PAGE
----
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Yahoo: Bargain Or Big Trouble?

For a couple of years now, investors looking for affordable blue-chip Internet stocks have had to pass on portal giant Yahoo , even as the company was being touted as one of the few certain winners in the Internet economy.

The reason, of course, was that Yahoo shares have been overpriced, even relative to robust revenues. In October 1999, after releasing third-quarter numbers, YHOO was valued at 96x trailing 12 months' revenues, and its share price was $175.

Back then I wrote, "It's likely that Yahoo's stock price will come down to reflect the company's true value faster than revenue can grow up to that value."

It's fair to say that prediction has come true, with some help from a bursting industry bubble. By October, just one year later, YHOO's share price and valuation had been cut by more than half, to $84 and 47x TTM revenues, despite steady earnings and estimate-topping quarterly performances.

Today, with recent downgrades applying even more pressure, YHOO is less expensive than it has been for a long time. Shares closed Thursday at a 52-week low of $34.94, giving YHOO a valuation of 19.6x TTM revenues of $995.1 million.

So is it time to buy into Yahoo?

Not quite. For while YHOO now is cheaper than other blue-chip Internet stocks such as eBay (24x), i2 Technologies (23x) and Check Point Software Technologies (59x), companies such as America Online (14x) or Cisco Systems (16x) remain better deals.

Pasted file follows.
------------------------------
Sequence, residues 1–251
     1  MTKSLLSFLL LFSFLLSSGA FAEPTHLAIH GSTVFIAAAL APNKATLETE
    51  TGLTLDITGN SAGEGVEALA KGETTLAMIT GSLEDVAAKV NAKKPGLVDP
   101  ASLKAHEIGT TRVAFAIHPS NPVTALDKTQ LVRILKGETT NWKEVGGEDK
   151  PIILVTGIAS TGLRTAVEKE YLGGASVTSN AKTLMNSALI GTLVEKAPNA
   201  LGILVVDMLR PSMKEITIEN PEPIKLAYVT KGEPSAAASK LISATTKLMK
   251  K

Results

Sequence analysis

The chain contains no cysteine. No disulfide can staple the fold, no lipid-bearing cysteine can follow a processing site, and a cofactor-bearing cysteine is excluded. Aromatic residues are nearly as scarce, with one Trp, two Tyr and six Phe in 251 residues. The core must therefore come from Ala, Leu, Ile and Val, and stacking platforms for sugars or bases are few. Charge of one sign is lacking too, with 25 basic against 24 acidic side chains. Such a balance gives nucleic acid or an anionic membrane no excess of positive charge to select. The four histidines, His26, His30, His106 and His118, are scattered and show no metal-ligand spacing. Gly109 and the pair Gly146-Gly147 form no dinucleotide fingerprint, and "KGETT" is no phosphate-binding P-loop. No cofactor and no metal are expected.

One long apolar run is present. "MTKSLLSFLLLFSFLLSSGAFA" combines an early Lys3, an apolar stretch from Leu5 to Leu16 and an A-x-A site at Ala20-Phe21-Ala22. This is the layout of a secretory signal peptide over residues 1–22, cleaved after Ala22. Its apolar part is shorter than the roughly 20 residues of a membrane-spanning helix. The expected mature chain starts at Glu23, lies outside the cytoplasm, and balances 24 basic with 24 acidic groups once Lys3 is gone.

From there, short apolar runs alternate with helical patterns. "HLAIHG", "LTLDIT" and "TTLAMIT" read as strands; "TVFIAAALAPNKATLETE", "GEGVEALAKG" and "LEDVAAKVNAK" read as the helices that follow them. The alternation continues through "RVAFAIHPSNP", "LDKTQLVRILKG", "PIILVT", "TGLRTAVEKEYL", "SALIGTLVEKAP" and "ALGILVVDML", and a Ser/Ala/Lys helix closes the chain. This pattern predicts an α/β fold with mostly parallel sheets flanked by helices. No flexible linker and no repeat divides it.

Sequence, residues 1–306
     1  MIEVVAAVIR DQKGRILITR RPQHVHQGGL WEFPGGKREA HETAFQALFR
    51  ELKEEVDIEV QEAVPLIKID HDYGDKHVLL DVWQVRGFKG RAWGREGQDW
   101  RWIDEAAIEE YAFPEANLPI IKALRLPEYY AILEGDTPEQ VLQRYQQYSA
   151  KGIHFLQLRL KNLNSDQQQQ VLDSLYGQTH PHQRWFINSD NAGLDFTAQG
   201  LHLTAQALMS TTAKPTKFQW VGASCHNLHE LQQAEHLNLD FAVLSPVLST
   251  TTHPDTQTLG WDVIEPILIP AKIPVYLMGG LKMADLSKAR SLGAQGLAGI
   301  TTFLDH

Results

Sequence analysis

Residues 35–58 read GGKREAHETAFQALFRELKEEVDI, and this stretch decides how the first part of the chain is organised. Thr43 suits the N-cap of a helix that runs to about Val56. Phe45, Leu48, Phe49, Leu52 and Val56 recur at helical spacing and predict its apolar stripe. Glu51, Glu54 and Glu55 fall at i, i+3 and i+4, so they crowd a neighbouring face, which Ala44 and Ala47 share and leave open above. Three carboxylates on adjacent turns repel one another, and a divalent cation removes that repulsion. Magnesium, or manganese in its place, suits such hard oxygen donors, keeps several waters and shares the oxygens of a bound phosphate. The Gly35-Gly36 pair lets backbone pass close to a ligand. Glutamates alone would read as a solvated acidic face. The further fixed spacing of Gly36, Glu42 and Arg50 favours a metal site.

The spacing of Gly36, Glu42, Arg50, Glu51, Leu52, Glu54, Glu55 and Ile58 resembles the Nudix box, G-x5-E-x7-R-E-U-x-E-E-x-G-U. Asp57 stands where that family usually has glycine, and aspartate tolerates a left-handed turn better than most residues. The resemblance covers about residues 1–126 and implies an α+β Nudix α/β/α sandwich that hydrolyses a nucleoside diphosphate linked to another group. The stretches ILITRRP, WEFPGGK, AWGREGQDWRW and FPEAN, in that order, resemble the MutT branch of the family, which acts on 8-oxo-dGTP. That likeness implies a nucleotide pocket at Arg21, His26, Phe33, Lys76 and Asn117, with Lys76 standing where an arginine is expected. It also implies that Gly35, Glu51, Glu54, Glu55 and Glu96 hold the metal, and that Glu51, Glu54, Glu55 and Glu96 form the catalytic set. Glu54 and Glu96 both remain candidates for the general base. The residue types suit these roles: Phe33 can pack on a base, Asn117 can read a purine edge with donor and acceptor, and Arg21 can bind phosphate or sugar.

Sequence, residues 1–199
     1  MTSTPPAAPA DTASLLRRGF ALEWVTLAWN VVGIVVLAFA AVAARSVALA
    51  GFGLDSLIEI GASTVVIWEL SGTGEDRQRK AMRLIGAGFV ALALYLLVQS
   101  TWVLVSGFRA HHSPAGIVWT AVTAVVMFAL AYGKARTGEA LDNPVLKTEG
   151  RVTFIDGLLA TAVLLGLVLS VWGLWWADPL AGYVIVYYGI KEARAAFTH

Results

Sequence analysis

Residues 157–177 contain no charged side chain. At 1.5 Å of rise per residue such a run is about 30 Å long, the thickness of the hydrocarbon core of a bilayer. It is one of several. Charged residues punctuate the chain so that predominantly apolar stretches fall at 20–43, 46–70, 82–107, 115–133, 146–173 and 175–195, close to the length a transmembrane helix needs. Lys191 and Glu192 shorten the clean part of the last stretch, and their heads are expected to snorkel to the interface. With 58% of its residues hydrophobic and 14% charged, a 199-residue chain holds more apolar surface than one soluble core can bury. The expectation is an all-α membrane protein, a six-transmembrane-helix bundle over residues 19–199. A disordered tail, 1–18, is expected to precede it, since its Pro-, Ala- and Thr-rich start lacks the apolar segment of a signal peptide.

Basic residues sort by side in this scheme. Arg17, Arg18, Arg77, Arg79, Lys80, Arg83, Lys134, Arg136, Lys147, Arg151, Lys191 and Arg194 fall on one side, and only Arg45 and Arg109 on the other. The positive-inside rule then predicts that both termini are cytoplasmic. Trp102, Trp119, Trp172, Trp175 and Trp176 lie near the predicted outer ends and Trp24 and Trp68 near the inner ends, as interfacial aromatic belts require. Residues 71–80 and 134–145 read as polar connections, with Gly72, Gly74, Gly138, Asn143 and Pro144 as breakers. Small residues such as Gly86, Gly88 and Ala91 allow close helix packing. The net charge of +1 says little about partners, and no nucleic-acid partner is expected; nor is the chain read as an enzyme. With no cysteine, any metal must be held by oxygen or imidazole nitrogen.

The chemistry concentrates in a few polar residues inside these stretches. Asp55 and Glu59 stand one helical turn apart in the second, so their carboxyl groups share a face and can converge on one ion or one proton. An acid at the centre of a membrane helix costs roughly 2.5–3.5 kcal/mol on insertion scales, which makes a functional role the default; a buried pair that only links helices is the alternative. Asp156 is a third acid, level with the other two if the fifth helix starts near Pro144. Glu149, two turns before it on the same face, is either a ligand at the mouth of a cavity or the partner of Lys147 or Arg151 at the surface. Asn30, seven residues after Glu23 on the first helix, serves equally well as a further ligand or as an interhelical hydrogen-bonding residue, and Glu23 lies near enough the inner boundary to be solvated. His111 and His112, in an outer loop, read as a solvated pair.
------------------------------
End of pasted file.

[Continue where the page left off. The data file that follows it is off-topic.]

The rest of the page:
Further, though Yahoo and Cisco are roughly equivalent in cost, that doesn't mean their respective stocks are equally attractive. The main reason: Revenue outlook.

Despite regular outbursts of analyst anxiety regarding its rate of growth, Cisco sales continue to accelerate. Figures released last month for the networking giant's first fiscal quarter show a 66% revenue increase over the year-ago period. That's up from 61% year-to-year revenue growth in Cisco's fourth quarter, and 55% in Q3.

Yahoo, in contrast, has seen revenue growth begin to slow this year. In the most recent quarter, ended Sept. 30, Yahoo sales were just 90% more than sales in the third quarter of 1999. I say "only" 90% because revenue growth in Q2 was 110%, and it was 120% in each of the two quarters before.

This trend lends much credence to market concerns about a slowdown in online advertising spending, which comprises 85% of Yahoo's revenues. Indeed, Yahoo and Internet ad services market leader DoubleClick are seen as the biggest victims of the market's gnawing skepticism about business models built primarily on Web advertising.

Already this week YHOO has been rocked by downgrades: First by Merrill Lynch analyst Henry Blodget cut sales forecasts for the company for the first half of next year. Then WR Hambrecht analyst Derek Brown reduced Yahoo to a "neutral" rating, again citing questions about online advertising and urging investors to "wait until the smoke clears."

That sounds about right to me. I believe Yahoo is a strong company, but nobody knows how severe industry-wide cuts in online advertising spending cuts will be over the next year. Thus, I suspect more downward drift from YHOO until, as Brown puts it, the smoke clears.